JeremySaid's Blog for Startups and Lead Generation

Using the Psychology of Habit to Turn Visitors into Addicts

Posted by Jeremy Smith on Feb 12, 2015 9:05:14 AM

As a conversion optimizer, I’m interested in what makes people click — on a deep, psychological and cognitive level. But I’m even more interested in what makes people click again, and again, and again, and again …

That is what I call a habit.

If you could turn your product or e-commerce site into a habit, how much would it impact your revenue? I imagine that the results would be absolutely meteoric.

When someone does something over and over again, it usually means that they are visiting, becoming invested, spending money, and turning into a customer, and a repeat customer, and a repeating repeat customer.

This is the kind of behavior that you want to create.

Here’s what you need to know about the psychology of habits, so you can turn your site visitors into raving addicts.

What is a habit, for marketing sake?

According to Psychology Today, forming a habit is a “process by which new behaviors become automatic.”

A habit is something that happens regularly, automatically, and without conscious effort. It’s nearly involuntarily.

A habit is more than just a behavior. Habits are a neural phenomenon. As we form a habit, we are creating a familiar path for our neural circuitry.

The body’s “neural circuitry” is the complex interaction of cognitive processes and external stimuli that constitute our daily actions, responses, and behaviors.

The body’s neural circuitry

(Image from BrainFacts.org)

Neurons receive information (in the dendrite) and send information (from the axon). The synapse (connection between two neurons) transmits the signal to the next neuron, and so on down a neural pathway. This is the process that is repeated millions of times throughout the body as you perform specific actions.


(Image from Wikipedia)

The more you do those actions, the more those circuits become accustomed to it.

For example, if you are in the habit of turning right off the interstate on your way home, then you’re going to have a hard time if you move to a different location that requires you to turn left instead of right. When the mind and body are in “I’m going home” mode, it is prepared and primed for that right-turn-off-the-freeway action. The brain is anticipating it unconsciously, and the neural pathways are primed for action.

That’s why it’s so hard to break a habit. The plasticity of the neural pathway becomes hardened over time as we continually do the same thing.

How is a habit formed?

Psychologists describe the formation of a habit as the “habit loop.” It’s really quite simple:

A “cue” prompts the habit. The “routine” develops and learns that habit. A “reward” presents a positive feedback for that routine, and the cue prompts it again.

And so the cycle is formed, and it continues repeatedly to create a neural pathway in the formation of a habit.

How is a habit formed

(Image from Charles Duhigg)

  • Cue: This is akin to pulling the trigger. It starts the process. The cue is what tells your brain to turn on the habit.
  • Routine: The routine is nothing more than the act of carrying out the habit: Pedaling when you sit on a bike, lifting your leg to avoid the carpet bump as you walk from the kitchen to the living room, stepping on the brake as you put the car into drive, reaching for your iPhone when you hear a ding. These are all the routine or action of the habit.
  • Our brain learns to like the habit. Why? Because there is some sort of reward. The bike moves. You don’t trip. The car accelerates smoothly. You read a text from your friend. The reward may be subtly and psychological, but it’s still there.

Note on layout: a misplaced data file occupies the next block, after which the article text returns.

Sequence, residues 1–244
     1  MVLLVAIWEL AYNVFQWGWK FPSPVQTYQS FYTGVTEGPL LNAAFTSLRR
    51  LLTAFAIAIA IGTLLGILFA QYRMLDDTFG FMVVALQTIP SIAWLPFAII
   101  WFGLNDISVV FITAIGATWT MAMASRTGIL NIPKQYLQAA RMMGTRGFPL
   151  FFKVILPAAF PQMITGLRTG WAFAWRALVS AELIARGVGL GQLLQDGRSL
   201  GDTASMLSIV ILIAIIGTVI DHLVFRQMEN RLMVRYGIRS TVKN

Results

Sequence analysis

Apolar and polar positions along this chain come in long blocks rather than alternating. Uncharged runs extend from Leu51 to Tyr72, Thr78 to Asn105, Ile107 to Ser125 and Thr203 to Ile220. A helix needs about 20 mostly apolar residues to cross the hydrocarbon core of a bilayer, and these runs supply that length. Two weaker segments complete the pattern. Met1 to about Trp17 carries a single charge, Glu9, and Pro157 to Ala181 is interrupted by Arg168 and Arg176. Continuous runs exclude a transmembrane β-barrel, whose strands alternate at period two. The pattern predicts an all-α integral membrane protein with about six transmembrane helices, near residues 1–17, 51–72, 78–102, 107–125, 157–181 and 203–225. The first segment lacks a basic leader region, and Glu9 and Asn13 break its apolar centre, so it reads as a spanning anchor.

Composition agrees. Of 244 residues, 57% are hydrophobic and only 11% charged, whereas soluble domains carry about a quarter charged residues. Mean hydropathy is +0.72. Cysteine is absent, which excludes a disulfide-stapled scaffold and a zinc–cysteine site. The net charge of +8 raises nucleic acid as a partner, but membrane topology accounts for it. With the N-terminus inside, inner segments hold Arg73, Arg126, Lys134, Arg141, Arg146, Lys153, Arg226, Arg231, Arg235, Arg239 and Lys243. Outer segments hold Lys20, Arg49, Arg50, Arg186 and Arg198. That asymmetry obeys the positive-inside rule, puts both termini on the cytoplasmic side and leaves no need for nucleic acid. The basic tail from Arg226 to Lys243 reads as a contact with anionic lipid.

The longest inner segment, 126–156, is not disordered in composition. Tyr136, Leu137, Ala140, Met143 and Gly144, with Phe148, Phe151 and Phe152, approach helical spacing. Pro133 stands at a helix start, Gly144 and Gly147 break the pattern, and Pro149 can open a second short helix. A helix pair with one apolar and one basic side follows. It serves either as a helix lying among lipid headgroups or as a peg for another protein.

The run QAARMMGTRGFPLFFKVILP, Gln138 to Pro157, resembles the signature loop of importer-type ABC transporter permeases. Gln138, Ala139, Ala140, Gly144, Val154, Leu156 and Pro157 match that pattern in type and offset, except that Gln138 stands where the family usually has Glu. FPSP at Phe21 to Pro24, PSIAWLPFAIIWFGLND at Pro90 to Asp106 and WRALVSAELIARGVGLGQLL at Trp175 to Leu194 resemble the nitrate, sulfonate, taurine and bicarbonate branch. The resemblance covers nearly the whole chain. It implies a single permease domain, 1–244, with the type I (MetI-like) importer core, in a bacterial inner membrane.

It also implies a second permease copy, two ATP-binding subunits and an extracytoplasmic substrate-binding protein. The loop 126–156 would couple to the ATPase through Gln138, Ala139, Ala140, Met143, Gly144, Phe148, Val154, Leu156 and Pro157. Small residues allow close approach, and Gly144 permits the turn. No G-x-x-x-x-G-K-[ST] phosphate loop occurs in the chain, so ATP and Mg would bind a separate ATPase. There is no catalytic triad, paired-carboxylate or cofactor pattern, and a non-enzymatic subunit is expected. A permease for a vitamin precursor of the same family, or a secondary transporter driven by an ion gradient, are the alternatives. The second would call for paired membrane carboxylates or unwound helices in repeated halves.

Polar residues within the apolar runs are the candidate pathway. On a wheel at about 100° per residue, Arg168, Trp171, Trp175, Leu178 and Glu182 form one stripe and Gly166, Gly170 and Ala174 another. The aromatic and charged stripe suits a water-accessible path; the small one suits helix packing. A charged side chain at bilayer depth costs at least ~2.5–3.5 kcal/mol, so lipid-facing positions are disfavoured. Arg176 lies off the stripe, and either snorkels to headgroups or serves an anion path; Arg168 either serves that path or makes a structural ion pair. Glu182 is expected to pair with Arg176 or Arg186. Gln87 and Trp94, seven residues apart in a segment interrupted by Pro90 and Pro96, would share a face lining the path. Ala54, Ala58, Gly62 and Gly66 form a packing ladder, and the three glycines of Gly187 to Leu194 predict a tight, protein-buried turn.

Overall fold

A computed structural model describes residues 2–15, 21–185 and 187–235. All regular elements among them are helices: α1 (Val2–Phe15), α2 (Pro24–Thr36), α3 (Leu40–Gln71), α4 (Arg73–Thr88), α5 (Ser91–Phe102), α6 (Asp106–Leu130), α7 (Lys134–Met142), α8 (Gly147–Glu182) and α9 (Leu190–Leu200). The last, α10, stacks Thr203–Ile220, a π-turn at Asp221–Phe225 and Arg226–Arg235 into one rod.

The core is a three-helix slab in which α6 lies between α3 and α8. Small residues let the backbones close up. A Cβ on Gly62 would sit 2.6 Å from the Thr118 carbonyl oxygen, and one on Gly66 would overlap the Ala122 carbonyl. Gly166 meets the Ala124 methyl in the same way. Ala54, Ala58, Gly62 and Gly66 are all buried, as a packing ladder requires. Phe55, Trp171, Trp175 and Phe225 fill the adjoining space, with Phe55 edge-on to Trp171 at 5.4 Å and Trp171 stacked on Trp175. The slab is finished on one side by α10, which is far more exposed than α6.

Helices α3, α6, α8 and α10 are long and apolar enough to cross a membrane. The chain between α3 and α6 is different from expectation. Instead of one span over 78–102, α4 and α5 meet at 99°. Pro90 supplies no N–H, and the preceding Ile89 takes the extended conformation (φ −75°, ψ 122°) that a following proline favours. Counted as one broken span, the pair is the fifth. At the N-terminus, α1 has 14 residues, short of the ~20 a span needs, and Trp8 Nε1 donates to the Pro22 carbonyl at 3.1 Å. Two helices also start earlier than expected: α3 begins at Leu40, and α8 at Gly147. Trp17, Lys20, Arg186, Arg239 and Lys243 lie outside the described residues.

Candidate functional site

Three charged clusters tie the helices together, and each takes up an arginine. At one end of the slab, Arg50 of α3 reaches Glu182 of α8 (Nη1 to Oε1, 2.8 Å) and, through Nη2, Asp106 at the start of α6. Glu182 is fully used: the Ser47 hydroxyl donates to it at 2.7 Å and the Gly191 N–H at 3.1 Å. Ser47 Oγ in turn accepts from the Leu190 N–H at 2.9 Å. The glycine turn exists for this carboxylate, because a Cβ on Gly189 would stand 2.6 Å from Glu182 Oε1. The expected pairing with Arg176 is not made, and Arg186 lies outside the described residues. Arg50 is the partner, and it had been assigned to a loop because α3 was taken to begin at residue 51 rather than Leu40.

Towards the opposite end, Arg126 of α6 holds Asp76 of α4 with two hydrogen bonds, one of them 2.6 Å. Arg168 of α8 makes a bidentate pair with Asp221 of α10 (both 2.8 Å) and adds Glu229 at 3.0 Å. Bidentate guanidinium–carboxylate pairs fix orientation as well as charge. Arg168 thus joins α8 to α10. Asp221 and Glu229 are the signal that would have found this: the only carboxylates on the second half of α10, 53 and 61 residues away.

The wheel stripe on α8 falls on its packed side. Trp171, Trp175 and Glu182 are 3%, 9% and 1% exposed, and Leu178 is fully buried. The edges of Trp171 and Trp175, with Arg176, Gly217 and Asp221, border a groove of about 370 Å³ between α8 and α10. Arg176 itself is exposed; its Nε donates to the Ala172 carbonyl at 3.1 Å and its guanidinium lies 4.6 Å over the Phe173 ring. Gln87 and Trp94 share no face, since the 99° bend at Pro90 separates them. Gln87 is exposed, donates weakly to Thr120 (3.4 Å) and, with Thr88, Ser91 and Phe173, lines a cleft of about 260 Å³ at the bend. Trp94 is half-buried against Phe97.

I’d like to build on this habit loop by introducing an alternate model. This one introduces a fourth component into the habit loop. It is the “hook model.”

habit loop

(Image from Nir and Far)

According to this model, the trigger (or cue), causes the action (or “routine”) which results in the reward, which flows into the investment.

The investment is what sets this model apart from the traditional three-step habit loop. Investment is the work or effort that the subject puts into their habit formation. The subject is investing in it — taking time, spending money, exerting effort, sacrificing sleep, telling a colleague, etc. Investment can be any level of effort that is not directly part of the habit, yet is part of the overall environment in which the habit is formed.

I’ve introduced the “investment” aspect of the habit loop because it’s critical to the habit-forming power of an e-commerce setting. In e-commerce or online sales, there is some level of investment that the customer must engage in order to experience the reward.

What does this all mean in an e-commerce setting?

Let’s take this knowledge of habit formation and place it into an online experience context.


The action needs to start somewhere. Basically, your website appears in the user's awareness. It could be a tweet, a Facebook post, a retargeted ad, or some other form of showing up.


The user then takes action to get to the website and navigate on it. It requires clicks, taps or movement.


There are a variety of rewards that can be implemented in this phase. The mere design of the website can itself be a reward. It’s aesthetic or pleasing.

The CTA button — big, easy to see, and enjoyable to click.

The content is another part of the reward. Reading something on BuzzFeed or watching some eye-popping viral cat video on YouTube might be a form of reward.


The investment can change, depending on where the person is in the conversion funnel. What is important is that you require this investment.

Here are some examples of investments that a person might participate in, as it relates to a habit-forming website:

  • Taking time to read a blog post.
  • Sharing a piece of content.
  • Retweeting.
  • Emailing a resource.
  • Providing their email address.
  • Opening an email.
  • Spending money.